Ernest Miller goes line by line through Michael Powell’s statement about the Clear Channel fine for indecency. The main point he drums home is that we the public are not clear on what the offense was and it isn’t obvious that Clear Channel itself knows exactly what the violation was. He talks much in here about “chilling effects”, which I am observing myself in my dealings with college radio. There is a palpable feeling that one wrong word on the air can lead to the station getting fined out of existenced. Is this really what we would expect from a country “so free that others hate us for it?” It sounds like the opposite of freedom to me, like what you’d expect in the kind of repressive regimes that we stand against. Here’s an example of the commentary:
[from Powell’s statement]
Finally, the government gains an admission of responsibility from the licensee without going to the laborious and expensive process of prosecuting these actions in court.
An admission of what, exactly? Could you clarify this for me? By the way, if, for some reason, the FCC terminates or breeches the agreement, the admission goes away like smoke in a breeze. Some admission. If it ever does end up in court it isn’t an admission after all.
And what about those courts, huh? First off, the FCC can issue final orders and they are only contested if Clear Channel insists on contesting them. If the case is solid, it shouldn’t take up too many resources to prosecute. In any case, given the potential size of the fines, court could actually be a profit center for the FCC. If the case is not solid, then the FCC can simply drop it (no harm, no foul).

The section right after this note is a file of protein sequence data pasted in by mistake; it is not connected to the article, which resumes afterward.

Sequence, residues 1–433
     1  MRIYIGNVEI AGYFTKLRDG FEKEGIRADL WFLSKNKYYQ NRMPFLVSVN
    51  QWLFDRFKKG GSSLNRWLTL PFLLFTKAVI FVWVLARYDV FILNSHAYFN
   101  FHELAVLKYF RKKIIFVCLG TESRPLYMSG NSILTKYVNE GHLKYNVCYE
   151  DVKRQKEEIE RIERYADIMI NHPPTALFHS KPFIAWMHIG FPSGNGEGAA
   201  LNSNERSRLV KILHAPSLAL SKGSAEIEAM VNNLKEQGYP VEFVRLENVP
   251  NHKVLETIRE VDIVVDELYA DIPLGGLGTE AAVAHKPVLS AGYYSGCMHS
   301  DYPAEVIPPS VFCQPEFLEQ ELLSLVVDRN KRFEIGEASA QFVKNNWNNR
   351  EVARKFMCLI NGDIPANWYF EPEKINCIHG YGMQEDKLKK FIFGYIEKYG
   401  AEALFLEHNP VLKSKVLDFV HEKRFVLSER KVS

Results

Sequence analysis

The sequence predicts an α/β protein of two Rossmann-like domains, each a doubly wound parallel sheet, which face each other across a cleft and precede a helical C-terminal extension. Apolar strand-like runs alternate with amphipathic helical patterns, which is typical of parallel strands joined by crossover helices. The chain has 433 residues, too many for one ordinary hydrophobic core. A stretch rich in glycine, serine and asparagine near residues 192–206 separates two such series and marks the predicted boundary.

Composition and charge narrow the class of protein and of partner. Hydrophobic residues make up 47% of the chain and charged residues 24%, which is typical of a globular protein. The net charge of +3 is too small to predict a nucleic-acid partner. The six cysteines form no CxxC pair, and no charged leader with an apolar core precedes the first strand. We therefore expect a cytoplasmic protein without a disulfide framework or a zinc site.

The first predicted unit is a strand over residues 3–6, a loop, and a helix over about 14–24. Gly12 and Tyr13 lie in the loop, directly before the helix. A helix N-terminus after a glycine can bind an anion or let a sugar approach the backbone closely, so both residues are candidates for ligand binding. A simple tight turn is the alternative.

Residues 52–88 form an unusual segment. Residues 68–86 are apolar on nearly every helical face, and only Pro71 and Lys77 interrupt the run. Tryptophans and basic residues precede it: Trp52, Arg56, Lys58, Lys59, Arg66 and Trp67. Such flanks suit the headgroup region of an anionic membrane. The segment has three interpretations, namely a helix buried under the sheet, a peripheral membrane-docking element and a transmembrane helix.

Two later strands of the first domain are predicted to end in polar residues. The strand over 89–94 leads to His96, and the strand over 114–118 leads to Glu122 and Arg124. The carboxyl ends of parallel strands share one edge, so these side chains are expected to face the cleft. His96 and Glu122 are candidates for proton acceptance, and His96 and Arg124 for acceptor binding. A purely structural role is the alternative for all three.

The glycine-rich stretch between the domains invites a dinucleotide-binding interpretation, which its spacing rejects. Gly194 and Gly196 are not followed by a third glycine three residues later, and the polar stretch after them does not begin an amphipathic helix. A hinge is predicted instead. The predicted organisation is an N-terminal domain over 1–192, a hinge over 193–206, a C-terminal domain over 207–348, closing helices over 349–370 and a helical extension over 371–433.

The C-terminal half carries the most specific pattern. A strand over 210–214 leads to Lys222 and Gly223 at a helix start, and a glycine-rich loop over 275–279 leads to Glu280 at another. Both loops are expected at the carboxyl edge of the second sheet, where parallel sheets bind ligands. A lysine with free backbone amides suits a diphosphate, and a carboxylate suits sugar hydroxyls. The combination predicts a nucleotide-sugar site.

It is, of course, in the Bush administration a terrible waste of resources anytime anybody tries to defend their rights against the government.
Want an example of the chilling effect? How about a radio station that no longer allows DJs to do their shows live but must have them prerecorded and preauthorized to be aired. Why?
Prompted by the Federal Communications Commissionâ€™s nationwide crackdown on broadcasting indiscretions, the University of Rochester’s radio station is no longer carrying live local programming.
Starting this week, all of the local programs on WRUR-FM (88.5) – from hip-hop shows to DJs spinning favorite college rock bands such as Franz Ferdinand – are pre-recorded.
And the tapes are screened prior to airing, said general manager Jared Lapin, 21, a senior from Larchmont, Westchester County.
WRUR has not received any FCC warnings but has had listener complaints “occasionally,” Lapin said. He declined to be more specific.
These are scary times we live in, when people live in fear that saying the wrong thing at the wrong time could ruin their life, business or organization. Is this liberty? We have to spend every day hearing that terrorists trying to kill us “because we love freedom and they don’t.” Is Michael Powell trying to protect us by removing enough liberty from the public sphere that they no longer bother?